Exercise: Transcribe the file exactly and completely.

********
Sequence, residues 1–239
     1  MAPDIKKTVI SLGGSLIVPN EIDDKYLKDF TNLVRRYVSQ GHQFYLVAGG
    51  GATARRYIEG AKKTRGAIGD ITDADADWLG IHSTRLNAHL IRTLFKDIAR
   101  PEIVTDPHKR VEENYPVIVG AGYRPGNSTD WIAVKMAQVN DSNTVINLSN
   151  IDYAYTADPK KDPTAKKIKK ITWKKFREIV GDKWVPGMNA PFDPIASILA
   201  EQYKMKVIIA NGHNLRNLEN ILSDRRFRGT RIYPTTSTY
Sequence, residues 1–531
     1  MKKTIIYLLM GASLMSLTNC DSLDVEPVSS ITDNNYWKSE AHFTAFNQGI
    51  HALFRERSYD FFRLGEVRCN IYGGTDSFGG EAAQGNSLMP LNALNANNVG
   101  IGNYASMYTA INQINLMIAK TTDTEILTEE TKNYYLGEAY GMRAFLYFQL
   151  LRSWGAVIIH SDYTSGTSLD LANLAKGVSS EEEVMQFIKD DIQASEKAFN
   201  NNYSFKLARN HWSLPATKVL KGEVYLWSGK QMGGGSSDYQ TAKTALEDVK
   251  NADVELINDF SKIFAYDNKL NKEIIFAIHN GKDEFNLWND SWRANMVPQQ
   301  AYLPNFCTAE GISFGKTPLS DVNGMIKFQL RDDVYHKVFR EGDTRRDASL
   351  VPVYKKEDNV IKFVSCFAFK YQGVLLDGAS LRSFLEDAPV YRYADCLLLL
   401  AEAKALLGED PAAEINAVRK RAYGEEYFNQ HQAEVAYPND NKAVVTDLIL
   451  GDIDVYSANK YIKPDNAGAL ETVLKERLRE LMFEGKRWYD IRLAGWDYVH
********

Sequence, residues 1–239
     1  MAPDIKKTVI SLGGSLIVPN EIDDKYLKDF TNLVRRYVSQ GHQFYLVAGG
    51  GATARRYIEG AKKTRGAIGD ITDADADWLG IHSTRLNAHL IRTLFKDIAR
   101  PEIVTDPHKR VEENYPVIVG AGYRPGNSTD WIAVKMAQVN DSNTVINLSN
   151  IDYAYTADPK KDPTAKKIKK ITWKKFREIV GDKWVPGMNA PFDPIASILA
   201  EQYKMKVIIA NGHNLRNLEN ILSDRRFRGT RIYPTTSTY
Sequence, residues 1–531
     1  MKKTIIYLLM GASLMSLTNC DSLDVEPVSS ITDNNYWKSE AHFTAFNQGI
    51  HALFRERSYD FFRLGEVRCN IYGGTDSFGG EAAQGNSLMP LNALNANNVG
   101  IGNYASMYTA INQINLMIAK TTDTEILTEE TKNYYLGEAY GMRAFLYFQL
   151  LRSWGAVIIH SDYTSGTSLD LANLAKGVSS EEEVMQFIKD DIQASEKAFN
   201  NNYSFKLARN HWSLPATKVL KGEVYLWSGK QMGGGSSDYQ TAKTALEDVK
   251  NADVELINDF SKIFAYDNKL NKEIIFAIHN GKDEFNLWND SWRANMVPQQ
   301  AYLPNFCTAE GISFGKTPLS DVNGMIKFQL RDDVYHKVFR EGDTRRDASL
   351  VPVYKKEDNV IKFVSCFAFK YQGVLLDGAS LRSFLEDAPV YRYADCLLLL
   401  AEAKALLGED PAAEINAVRK RAYGEEYFNQ HQAEVAYPND NKAVVTDLIL
   451  GDIDVYSANK YIKPDNAGAL ETVLKERLRE LMFEGKRWYD IRLAGWDYVH